Right of first refusal (RFR) is invoked when the freeholder (landlord) wants to sell their interest in a building that is subject to RFR legislation and they are required under the Landlord and Tenant Act 1987 (the “1987 Act”) to offer this interest to the leaseholders first.
This can be the entire freehold, part of the building or common parts. In most cases such a disposal would ensure that leaseholders have the right of first refusal, however, there are some exemptions such as the grant of a single tenancy, disposal to an associated company or a sale by two or more persons of the same family to a different combination of the same family.
There are several requirements that need to be met for RFR to apply:
This is probably one of the most important factors yet also one of the simplest. To qualify for RFR, a tenant must be a leaseholder or in some cases have entered a fixed or periodic tenancy. The right does not apply to Assured Shorthold Tenants (most common tenancy type when letting a residential property) or Assured Tenants; it also excludes non-residential tenancies (i.e. business, agricultural etc.).
If a tenant owns all 3 flats in the freehold (complying with the criteria for the building) they will not qualify and therefore not be able to trigger the right of first refusal.
The landlord is the immediate landlord, in other words, the person to whom the leaseholder is paying their ground rent and the one who is entitled to regain possession of the property once the lease has expired.
The RFR may not apply if the landlord is a housing authority such as councils, housing associations, charitable housing trusts and certain resident landlords.
For the resident landlord to be exempt, he would have to satisfy two conditions: the building cannot be a purpose build property and they must live in the property as their main and only residence and have done so for at least 12 months.
The means of disposal dictates which of the five notice forms needs to be served on the tenants and these are:
Section 5A – sale by contract
Section 5B – sale by public auction
Section 5C – a grant of an option or right of pre-emption
Section 5D – sale not pursuant to a contract
Section 5E – sale for a non-monetary consideration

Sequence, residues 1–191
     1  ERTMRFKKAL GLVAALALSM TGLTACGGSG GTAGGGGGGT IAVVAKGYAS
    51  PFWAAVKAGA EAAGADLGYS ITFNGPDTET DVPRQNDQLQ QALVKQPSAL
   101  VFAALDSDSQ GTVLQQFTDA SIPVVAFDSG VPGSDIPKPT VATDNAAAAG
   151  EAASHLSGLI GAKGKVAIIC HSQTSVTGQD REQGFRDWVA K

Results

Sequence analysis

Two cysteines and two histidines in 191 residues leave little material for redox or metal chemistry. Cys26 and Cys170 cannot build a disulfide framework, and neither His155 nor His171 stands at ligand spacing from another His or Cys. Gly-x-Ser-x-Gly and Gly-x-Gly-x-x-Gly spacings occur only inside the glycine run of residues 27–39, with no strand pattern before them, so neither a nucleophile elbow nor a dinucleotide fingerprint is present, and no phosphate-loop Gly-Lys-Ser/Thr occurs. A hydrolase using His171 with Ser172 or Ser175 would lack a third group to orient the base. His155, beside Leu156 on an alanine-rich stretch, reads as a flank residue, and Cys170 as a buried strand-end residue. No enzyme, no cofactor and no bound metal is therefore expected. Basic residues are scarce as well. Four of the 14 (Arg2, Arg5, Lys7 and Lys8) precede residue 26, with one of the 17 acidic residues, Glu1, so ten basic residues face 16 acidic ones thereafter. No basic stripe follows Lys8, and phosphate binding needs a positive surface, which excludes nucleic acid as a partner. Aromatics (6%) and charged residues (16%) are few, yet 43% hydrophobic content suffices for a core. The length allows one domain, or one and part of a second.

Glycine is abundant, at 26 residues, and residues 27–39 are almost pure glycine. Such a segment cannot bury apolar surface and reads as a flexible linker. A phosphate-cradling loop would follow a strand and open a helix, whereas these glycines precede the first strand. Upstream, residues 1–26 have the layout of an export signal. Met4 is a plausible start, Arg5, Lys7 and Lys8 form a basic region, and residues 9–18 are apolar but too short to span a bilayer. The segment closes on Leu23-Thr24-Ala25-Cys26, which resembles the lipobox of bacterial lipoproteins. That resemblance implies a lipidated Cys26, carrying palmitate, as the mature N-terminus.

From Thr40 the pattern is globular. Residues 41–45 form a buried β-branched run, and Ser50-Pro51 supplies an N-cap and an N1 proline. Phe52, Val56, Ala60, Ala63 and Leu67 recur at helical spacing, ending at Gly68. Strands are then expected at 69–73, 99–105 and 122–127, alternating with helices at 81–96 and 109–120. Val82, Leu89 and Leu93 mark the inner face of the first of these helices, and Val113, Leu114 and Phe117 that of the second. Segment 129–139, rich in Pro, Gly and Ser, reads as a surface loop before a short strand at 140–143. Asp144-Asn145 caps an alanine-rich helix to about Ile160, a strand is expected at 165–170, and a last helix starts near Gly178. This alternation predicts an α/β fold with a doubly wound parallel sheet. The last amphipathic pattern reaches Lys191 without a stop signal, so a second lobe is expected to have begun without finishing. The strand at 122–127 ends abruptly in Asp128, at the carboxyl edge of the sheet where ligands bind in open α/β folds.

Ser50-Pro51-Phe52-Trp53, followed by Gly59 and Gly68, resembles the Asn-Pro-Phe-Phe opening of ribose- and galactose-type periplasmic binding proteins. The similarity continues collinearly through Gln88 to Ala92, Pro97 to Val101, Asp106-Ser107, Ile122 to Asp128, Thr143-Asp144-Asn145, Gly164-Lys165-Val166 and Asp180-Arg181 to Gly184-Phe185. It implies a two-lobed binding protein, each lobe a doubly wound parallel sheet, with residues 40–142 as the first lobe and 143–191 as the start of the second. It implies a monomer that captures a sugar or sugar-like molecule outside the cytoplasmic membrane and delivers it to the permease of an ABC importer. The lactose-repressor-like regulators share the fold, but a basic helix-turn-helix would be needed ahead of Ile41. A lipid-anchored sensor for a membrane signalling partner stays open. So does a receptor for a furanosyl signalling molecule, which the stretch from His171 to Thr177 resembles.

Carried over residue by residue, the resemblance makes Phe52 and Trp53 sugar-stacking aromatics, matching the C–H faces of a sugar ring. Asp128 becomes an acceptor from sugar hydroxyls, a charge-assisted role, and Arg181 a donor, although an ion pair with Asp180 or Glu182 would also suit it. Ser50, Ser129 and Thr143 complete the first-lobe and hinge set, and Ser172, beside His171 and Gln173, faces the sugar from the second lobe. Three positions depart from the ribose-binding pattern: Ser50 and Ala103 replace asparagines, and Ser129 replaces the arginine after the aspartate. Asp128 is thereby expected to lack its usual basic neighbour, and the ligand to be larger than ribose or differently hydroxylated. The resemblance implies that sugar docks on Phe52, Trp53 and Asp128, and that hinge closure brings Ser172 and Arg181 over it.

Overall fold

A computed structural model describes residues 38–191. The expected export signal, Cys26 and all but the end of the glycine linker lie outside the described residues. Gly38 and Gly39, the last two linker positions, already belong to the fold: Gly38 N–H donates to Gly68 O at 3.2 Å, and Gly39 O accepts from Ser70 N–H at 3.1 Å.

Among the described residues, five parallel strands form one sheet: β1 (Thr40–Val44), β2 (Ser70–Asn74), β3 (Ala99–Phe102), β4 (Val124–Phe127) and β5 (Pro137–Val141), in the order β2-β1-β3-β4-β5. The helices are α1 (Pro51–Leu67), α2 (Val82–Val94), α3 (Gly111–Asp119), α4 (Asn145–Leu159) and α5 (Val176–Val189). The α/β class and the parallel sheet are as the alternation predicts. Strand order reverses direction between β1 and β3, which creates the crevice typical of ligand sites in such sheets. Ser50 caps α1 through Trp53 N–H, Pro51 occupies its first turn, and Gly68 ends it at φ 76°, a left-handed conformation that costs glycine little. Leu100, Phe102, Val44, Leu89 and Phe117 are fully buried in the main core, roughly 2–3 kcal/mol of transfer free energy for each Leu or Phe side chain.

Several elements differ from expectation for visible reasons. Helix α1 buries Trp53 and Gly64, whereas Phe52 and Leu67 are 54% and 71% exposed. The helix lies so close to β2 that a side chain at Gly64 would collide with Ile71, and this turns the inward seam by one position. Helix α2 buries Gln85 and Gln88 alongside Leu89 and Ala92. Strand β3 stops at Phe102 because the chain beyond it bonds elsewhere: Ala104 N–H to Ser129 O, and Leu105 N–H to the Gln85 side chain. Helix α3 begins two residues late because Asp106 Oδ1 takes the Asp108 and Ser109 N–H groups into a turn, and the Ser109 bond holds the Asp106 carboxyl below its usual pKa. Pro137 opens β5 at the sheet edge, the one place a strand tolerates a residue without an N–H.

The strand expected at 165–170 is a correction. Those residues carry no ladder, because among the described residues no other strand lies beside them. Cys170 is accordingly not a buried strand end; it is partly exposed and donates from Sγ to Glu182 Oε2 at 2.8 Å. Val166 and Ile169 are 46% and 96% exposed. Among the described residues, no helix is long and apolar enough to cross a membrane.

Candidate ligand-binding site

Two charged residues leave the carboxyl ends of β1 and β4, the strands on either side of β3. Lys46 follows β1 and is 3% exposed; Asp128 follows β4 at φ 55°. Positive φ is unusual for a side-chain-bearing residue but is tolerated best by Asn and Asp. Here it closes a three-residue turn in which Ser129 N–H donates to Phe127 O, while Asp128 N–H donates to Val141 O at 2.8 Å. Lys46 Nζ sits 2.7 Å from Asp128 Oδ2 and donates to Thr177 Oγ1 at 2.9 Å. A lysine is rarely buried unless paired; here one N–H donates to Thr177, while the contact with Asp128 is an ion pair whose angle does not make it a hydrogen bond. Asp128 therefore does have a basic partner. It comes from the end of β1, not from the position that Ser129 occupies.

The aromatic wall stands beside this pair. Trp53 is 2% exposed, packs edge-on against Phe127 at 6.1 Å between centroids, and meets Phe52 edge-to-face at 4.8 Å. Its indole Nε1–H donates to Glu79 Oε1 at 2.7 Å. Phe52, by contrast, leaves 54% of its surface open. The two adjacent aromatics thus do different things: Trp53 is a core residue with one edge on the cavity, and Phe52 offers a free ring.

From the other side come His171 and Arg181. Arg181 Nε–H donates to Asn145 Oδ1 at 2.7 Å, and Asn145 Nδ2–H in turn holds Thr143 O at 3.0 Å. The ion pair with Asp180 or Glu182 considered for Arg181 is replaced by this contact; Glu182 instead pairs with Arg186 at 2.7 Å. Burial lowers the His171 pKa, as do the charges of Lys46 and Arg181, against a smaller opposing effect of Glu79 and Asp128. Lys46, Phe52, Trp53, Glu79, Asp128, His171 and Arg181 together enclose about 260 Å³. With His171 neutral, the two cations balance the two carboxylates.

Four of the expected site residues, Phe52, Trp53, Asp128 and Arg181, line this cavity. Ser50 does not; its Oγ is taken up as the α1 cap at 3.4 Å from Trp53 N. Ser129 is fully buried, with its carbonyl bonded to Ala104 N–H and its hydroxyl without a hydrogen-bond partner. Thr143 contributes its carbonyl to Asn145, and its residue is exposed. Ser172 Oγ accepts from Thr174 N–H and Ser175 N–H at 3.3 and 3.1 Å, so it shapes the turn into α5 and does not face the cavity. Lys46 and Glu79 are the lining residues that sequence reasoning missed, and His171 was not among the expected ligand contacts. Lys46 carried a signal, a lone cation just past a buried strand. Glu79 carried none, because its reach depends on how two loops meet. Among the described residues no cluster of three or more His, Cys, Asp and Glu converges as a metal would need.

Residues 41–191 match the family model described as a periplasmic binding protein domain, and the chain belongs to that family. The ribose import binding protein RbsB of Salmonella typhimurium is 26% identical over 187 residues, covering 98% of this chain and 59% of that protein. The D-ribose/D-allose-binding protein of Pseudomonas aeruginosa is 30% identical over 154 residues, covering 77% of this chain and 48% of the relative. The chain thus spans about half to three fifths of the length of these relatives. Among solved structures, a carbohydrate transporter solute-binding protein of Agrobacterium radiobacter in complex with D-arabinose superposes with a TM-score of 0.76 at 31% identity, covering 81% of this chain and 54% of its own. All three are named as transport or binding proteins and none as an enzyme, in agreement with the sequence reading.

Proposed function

I’ll focus on sale by contract or auction as they are the most common means of disposal by some distance.
Sale by contract (5A):
Step 1 – Offer:
The freeholder has to notify the qualifying tenant by serving notice to offer them the possibility to purchase the interest that they want to dispose of. This notice gives the tenant a minimum of two weeks to accept or reject the offer given at a specific price.
Step 2 – Acceptance:
As mentioned earlier, in order to accept an offer, more than 50% of the qualifying tenants need to be on board and this should be done within the allotted two months, following which, they will have another two months to create a company to hold the freehold and communicate it to the freeholder via a nominated purchaser.
The nominated person will then have a period of two months to sign the contract which will also include the payment of a deposit (which is no more than 10% of the figure stated in the notice).
Finally, exchange needs to take place no later than 7 days from receipt of the signed contract.
Step 2 a – Non-acceptance:
Once the notice has been served and the tenants do not wish to purchase the freehold within the provided two months, the landlord is then entitled to sell the freehold on the open market. There is however a restriction on the sales price of the asset; the landlord cannot offer it at a lower price than originally presented to the leaseholders.
Sale by public auction (5B):
The process under section 5B is somewhat different to the sale by contract and has the following timeline:
What happens if the landlord fails to give right of first refusal?
In a situation where the landlord hasn’t offered a right of first refusal to his leaseholders, providing that it all complies with the requirements, the qualifying tenants have the ability to request the terms of the contract to the new freeholder by service and “information notice” giving tham a month to provide the information required.
In principal, the qualifying tenants have the possibility to force the new freeholder to sell the freehold at the same terms of purchase as he acquired it.
In the event that a landlord fails to serve a notice under section 5, they are committing a criminal offence subject to a level 5 fine on conviction which means up to £5,000.
Peter Barry can assist with valuing the freehold of your block of flats to ensure you are making the right decision under the RFR. We can also assist with determining how much each leaseholders should pay in to acquiring the freehold. If you would like to discuss the above please feel free to contact us either by calling 020 7183 2578 or via email.